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Aseptic Fruit Puree in Beer


DAS FRUIT BOOT: The Ins and Outs of Fruiting the F*ck Out of Your Beer

One of the most polarizing movements in recent brewing history is the proliferation of “smoothie-style” fruited sours.  Beers brewed with fruit have obviously been around for over 9,000 years, and we currently have more access than ever to multiple different fruit varieties in various forms.

Many traditional beers, such as fruited lambics, always used fruit as fresh as possible.  This fruit often has a pit or seed to be removed (some are even poisonous) and prepared in ways that maximize surface contact with the beer.  This can be insanely time consuming and can often introduce wild yeasts and bacteria if not prepared or sterilized properly.  Not to mention the time needed to get the character needed and expected for the final product.

The good news is that we have aseptic fruit puree at our disposal!  Aseptic purees give us the ability to have access to fruit no matter the typical harvest times.  They have a much longer shelf life than fresh fruit and don’t require any preparation.  The impact is immediate, although not the same as fresh fruit.  There still are situations where fresh fruit is preferred, especially those where skin contact is sought.  Aseptic purees are processed using only the flesh, so the skin is never in play. 

I find when using aseptic puree, that having an idea of what profile you are looking for well before ordering is incredibly important.  Using inspiration from things that already exist, desserts, candy, other beers, etc.  Figuring out the ratios of how other folks are using them and how they will play with other specific facets of the beer (hops, grist bill, yeast) is great to consider, too.  I also recommend ordering samples ahead of time.  This gives you a great idea of what you’re working with.  Remember that fruit is an agricultural product, so there will be slight variations between batches. 

The next aspect to think about is how much fruit to use.  This is going to be all over the place, and once again, it all comes down to what the end goal is.  The ratios are going to be all over the place.  From 0.5 pounds per barrel all the way to 1/3 plus of the total volume of the beer.  Different fruits will have different usage rates, as their impacts range widely, in terms of intensity.  Examples of these rates can be found on our website.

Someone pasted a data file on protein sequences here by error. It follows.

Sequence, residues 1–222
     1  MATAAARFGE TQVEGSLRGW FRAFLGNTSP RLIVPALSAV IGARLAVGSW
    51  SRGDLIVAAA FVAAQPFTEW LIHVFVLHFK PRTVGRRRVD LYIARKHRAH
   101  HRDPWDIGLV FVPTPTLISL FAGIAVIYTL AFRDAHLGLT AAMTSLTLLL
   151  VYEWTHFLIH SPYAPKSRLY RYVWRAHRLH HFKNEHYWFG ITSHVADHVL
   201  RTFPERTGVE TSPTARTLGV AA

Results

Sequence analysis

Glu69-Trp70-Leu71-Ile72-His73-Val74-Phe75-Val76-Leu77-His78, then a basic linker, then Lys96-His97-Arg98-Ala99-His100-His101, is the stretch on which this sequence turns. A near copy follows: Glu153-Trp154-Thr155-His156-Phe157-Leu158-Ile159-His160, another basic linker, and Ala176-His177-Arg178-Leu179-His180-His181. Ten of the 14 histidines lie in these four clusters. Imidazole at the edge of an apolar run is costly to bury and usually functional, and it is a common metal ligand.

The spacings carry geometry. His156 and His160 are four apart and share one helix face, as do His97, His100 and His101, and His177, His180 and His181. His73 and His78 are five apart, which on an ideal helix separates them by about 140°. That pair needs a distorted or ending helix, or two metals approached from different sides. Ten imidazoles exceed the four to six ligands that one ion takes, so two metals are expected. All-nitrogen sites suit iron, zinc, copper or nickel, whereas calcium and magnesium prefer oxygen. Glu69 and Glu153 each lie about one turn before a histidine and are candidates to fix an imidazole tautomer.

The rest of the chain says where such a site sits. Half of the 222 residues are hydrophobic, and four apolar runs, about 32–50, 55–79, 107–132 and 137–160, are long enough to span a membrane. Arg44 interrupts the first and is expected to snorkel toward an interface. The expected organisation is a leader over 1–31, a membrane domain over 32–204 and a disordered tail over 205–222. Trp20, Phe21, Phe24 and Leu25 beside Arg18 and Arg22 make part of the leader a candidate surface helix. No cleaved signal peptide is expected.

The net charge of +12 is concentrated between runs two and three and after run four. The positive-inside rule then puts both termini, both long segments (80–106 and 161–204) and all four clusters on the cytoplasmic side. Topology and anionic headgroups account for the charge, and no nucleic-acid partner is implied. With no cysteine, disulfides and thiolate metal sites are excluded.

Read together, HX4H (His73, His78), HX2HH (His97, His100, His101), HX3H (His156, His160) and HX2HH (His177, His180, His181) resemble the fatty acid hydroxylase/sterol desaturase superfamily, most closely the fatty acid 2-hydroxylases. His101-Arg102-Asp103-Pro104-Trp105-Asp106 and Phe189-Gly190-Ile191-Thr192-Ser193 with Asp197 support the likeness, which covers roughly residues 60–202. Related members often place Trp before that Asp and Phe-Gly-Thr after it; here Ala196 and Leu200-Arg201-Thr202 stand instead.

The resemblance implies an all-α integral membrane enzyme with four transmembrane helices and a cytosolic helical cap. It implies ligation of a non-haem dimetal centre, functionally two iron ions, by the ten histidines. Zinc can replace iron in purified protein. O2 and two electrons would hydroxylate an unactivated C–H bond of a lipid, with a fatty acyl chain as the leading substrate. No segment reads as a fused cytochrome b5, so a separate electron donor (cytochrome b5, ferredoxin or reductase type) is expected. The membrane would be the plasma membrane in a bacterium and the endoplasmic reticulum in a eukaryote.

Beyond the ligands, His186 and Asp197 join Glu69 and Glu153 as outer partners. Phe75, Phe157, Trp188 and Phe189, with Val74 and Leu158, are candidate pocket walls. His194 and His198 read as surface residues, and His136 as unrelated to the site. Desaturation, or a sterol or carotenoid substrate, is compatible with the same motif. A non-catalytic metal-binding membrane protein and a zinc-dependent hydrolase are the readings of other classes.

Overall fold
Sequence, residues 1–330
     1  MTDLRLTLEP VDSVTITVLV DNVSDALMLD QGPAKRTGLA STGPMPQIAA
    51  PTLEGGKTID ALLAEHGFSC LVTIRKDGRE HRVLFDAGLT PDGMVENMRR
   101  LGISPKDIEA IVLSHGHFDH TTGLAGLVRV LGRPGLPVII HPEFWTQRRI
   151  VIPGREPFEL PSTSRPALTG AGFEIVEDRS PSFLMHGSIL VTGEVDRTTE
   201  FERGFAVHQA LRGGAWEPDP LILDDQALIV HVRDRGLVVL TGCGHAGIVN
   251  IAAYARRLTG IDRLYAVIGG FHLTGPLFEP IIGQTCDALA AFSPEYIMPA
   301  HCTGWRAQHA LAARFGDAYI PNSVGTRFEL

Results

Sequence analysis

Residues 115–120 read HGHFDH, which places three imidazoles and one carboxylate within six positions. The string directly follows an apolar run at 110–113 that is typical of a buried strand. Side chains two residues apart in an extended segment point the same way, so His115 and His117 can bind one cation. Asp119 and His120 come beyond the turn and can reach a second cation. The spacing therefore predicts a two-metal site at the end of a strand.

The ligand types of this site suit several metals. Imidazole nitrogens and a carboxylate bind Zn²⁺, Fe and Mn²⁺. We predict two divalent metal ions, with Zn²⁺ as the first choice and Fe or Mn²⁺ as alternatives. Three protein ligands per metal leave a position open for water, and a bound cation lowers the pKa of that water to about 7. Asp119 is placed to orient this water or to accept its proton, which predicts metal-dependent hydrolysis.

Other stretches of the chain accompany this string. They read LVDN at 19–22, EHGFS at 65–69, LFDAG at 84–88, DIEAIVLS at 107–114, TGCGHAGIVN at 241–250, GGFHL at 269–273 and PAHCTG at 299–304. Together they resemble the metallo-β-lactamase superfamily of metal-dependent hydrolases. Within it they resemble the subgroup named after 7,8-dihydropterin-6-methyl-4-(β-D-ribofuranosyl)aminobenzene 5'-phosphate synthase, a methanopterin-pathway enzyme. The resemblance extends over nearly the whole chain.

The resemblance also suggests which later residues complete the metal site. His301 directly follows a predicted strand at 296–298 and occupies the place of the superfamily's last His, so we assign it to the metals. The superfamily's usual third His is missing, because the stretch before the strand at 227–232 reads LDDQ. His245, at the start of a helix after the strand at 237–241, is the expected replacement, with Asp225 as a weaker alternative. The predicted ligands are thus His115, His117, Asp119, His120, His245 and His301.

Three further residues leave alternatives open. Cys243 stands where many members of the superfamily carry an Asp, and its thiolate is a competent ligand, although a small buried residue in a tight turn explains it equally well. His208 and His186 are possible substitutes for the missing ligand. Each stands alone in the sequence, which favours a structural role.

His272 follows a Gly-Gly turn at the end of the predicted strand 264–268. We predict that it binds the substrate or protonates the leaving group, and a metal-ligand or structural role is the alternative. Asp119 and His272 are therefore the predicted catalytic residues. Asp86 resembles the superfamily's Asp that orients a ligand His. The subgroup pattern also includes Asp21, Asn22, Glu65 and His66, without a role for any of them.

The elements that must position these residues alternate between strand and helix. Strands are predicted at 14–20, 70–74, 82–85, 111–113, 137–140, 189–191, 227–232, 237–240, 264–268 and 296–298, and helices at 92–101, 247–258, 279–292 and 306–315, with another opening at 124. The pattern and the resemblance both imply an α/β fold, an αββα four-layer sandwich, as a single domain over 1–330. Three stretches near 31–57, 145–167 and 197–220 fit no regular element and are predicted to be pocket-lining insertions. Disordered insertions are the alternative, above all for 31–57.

Another factor to consider is whether to ferment out the fruit that you’re using.  Traditionally, fruit is fully fermented out and added during the secondary stage of fermentation.  The fermentation itself does remove some of the vital characteristics of the fruit, but it does create a shelf stable product.  Leaving fruit unfermented gives the full expression of the fruit, but also creates challenges.  First, it’s difficult to gain “homogenization” as the fruit is often more dense than the beer and gravity will always win.  Second, you are adding fuel for your yeast to use to do what it’s here to do: feed.  There are ways around this (filtration of base beer to remove yeast, pasteurization, sorbates, etc), but we 100% recommend that you use the method of your choice so that you don’t create a potentially dangerous product for the consumer. 

However you decide to use your fruit, we are here as your one stop shop.  We are always working to source the best fruit from around the world at the best prices.  We are always here as your reference point and can answer any questions that you may have about any of our products.  Happy fruiting!

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